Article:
Fluctuating asymmetry and morphometric variation of hand bones

Gregory Livshits*, Konstantin Yakovenko, Lilia Kletselman, David Karasik, Eugene Kobyliansky

*Corresponding author for this work

Research output: Contribution to journalArticlepeer-review


The major aim of this study was to test three hypotheses: 1) more complex traits of the hand are less prone to developmental insults and therefore show lower fluctuating asymmetry (FA) as compared with simple traits; 2) the manifestation of FA correlates with the variability of the trait (i.e., CV); and 3) FA is an organ-wide property, and therefore a concordance exists between the FA measures of different traits in hand bones. Seventy-two bilateral measurements of hand bones, were made from plain-film radiographs of 365 cadavers. A complex trait was considered as the total length of the three phalanges of a finger and their contiguous metacarpals. Simple traits were considered to be the lengths of individual bone that made up the complex trait. The following results were obtained: 1) on the average simple traits, composing the complex trait, show much higher FA than the corresponding complex trait, but this result is expected if there is no correlation (or low correlation) between FA of simple traits within the complex trait, due to random direction of right-left differences; 2) strong and highly significant correlation was observed between FA and CV of studied traits, regardless of sex and age of individuals; and 3) the majority of FA measurements of hand bones showed no correlation. However, correlations between some sets of FA traits were highly significant. They were interpreted, although not specifically tested, as the result of a tight relationship between traits related not only developmentally but also by active performance of the same function.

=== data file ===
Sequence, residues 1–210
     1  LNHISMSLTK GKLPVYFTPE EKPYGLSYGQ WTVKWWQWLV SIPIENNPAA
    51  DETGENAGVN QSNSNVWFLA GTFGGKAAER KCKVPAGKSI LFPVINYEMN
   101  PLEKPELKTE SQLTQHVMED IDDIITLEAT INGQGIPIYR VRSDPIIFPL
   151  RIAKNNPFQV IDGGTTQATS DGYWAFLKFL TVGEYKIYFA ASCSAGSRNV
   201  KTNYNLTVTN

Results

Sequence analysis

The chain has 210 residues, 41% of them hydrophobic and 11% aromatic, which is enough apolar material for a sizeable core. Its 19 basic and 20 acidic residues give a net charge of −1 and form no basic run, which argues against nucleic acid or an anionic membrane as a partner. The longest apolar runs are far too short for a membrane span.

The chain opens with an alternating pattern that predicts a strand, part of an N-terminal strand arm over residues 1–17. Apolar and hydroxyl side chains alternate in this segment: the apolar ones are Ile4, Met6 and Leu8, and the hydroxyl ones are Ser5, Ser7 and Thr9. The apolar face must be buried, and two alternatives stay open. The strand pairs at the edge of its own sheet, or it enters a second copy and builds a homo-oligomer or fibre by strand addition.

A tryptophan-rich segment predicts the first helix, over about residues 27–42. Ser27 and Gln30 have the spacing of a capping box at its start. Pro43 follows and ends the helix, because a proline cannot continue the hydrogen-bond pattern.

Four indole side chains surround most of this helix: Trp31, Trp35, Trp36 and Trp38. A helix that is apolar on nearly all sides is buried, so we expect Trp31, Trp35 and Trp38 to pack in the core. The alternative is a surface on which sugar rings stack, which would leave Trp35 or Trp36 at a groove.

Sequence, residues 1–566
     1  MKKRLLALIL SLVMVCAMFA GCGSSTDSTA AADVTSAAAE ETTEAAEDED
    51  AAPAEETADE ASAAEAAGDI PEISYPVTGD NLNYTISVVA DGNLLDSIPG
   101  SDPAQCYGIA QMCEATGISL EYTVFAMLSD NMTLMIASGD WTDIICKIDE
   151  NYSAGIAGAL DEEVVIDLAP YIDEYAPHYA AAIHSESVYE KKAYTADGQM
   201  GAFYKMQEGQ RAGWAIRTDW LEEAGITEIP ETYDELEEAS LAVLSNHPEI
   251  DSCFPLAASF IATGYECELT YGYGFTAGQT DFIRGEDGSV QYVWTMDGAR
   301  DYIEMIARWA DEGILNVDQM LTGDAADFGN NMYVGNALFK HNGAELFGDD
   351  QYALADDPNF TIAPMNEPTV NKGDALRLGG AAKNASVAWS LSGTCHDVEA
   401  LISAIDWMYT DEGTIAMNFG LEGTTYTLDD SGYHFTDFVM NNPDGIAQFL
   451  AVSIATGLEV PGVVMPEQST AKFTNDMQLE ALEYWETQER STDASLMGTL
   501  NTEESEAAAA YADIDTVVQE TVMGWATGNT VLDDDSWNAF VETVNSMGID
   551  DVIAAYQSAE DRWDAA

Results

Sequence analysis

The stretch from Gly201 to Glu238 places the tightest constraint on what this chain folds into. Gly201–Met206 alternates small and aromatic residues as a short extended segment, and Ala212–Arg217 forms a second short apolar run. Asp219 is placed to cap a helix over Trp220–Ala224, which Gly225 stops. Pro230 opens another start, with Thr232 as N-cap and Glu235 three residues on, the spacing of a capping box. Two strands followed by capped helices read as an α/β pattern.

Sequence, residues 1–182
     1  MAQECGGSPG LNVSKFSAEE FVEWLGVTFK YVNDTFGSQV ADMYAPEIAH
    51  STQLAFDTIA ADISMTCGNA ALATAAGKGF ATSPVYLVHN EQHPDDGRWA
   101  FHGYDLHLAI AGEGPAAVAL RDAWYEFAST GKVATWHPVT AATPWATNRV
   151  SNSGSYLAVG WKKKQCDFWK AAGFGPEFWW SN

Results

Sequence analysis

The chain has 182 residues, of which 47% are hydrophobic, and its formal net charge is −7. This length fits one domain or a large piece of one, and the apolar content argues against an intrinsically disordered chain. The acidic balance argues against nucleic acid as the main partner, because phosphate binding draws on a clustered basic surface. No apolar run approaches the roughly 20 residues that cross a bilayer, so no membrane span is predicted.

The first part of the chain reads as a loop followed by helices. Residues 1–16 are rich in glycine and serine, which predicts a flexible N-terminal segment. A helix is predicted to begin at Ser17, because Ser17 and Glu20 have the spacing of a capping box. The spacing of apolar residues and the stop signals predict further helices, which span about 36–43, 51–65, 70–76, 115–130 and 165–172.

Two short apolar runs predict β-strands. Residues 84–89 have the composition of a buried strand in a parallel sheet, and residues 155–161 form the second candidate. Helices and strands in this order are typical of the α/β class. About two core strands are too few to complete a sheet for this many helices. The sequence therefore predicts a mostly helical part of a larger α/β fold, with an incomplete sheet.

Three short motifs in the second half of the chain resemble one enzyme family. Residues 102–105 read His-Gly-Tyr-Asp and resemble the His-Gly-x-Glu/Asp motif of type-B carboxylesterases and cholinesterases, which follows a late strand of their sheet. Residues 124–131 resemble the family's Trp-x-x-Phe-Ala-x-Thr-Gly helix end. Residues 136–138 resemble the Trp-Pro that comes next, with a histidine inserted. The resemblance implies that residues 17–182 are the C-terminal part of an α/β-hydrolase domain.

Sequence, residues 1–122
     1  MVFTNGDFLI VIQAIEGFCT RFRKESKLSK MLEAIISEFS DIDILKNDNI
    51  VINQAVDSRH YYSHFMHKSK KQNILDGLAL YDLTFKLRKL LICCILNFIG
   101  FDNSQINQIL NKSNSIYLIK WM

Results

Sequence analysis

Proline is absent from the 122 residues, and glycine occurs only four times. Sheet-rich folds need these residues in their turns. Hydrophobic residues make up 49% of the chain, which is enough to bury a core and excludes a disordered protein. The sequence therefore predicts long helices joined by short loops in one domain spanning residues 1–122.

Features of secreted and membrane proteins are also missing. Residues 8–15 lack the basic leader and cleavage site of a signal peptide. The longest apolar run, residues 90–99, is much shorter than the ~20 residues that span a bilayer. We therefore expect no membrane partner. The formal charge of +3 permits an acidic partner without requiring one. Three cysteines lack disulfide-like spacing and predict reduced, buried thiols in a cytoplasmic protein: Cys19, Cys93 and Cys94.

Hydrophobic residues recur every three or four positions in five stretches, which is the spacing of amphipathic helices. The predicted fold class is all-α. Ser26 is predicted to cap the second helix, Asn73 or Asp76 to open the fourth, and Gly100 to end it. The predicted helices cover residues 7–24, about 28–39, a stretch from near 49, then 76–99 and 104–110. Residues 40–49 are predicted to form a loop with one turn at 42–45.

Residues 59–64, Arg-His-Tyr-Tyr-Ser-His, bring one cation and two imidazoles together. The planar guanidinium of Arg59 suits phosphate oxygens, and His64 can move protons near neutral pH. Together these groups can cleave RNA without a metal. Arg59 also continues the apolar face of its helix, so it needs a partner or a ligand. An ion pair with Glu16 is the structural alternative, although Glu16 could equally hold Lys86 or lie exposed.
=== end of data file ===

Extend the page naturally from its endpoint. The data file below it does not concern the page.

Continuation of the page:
Original languageEnglish
Pages (from-to)125-136
Number of pages12
JournalAmerican Journal of Physical Anthropology
Issue number1
StatePublished - Sep 1998


  • Complex traits
  • Developmental instability
  • Hand bones
  • Simple traits


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